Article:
Beauty surrounds us, but we usually need to be walking in a garden to know it - Rumi
Our next door neighbours are moving away. We will be sad to see them go as they have been in that house for the past seventeen years; their children were born and grew up there. Who will move in? Since this road is in the catchment area for three good schools they will almost certainly have children, but beyond that, who knows?
That makes me ask, who is my neighbour? Obviously the people who live next door qualify, but what about the little old lady who, because of her lack of height, was unable to reach the carton of cranberry juice from the top shelf in the supermarket? Was she not my neighbour, too? Being over six feet tall it was no problem for me to reach up to get it for her.
But perhaps the recent terrorist attacks have answered that question loud and clear. The aim of the attacks was to divide us as a community, to set one race or religion against another; to create discord, division and hatred, the exact opposite of neighbourliness. Yet the result was to show that we will not be manipulated in that way. The vast outpourings of solidarity, of coming together of people of different ethnicity demonstrated that quite clearly. The concert in Manchester last evening attended by so many people affected by the previous atrocity raising as it did millions for charity makes the point that we will not be divided, that we care for our neighbours. And of course there were numerous examples of individual of neighbourliness. For example, the homeless man who cared for an injured child until paramedics arrived. We may have passed him by sitting on the side of the street without taking notice of him but when he felt called to help he did just that. When asked, his comment was that just because he was homeless that didn’t mean he didn’t care. Or the off duty police officer who without a care for his own safety ran towards the London attackers to get innocent people out of harm’s way.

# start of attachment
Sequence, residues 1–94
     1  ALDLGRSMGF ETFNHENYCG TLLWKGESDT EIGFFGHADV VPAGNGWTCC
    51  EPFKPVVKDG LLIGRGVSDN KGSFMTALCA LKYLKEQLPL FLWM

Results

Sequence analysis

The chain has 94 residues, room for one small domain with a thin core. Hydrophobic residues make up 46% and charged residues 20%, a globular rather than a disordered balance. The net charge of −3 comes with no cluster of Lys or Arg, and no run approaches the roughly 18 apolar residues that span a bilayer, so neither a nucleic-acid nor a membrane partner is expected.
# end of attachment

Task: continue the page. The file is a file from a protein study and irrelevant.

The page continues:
After the London attack Archbishop Welby said: “Anger is an understandable emotion but it must not be directed at those of the Muslim faith.”
God made man in His own image; He made no distinction as ethnicity. God made man and woman of all races and religions to live together as neighbours in peace and harmony; so let it be.
Here is an extract from a prayer I found this morning that I think is appropriate:
‘In a world that often and easily forgets you Lord, give me the Spirit’s gift of reverence; give me a spirit of profound respect for you and for all the people you call your own. Amen’*
Peter is a father and a grandfather who has been retired from full time employment for a number of years